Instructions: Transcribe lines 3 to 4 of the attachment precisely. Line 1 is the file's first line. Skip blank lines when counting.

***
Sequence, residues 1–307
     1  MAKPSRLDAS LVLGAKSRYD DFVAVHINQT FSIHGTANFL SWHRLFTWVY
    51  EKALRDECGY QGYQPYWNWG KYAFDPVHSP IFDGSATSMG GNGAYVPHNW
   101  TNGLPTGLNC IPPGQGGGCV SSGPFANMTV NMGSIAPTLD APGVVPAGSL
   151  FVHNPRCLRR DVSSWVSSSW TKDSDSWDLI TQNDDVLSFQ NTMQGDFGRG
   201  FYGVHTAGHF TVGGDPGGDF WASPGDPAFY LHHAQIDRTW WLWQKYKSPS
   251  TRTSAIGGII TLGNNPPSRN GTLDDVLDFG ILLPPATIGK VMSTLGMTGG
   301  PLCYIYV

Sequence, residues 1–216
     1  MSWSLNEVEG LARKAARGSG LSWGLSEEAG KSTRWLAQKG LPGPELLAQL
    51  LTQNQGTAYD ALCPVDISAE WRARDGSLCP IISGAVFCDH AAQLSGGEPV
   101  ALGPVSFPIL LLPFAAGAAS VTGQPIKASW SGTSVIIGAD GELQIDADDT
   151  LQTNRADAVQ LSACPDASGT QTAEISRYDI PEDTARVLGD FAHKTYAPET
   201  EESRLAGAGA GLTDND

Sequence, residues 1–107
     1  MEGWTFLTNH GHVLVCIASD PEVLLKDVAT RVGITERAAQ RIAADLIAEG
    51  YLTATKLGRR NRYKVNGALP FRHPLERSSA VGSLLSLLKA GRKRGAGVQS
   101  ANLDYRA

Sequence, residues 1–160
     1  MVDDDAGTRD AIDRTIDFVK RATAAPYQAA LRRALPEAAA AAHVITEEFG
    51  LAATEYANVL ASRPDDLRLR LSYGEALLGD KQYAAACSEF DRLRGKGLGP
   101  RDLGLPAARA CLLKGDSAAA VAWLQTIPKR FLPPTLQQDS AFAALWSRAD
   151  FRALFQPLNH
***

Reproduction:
    51  EKALRDECGY QGYQPYWNWG KYAFDPVHSP IFDGSATSMG GNGAYVPHNW
   101  TNGLPTGLNC IPPGQGGGCV SSGPFANMTV NMGSIAPTLD APGVVPAGSL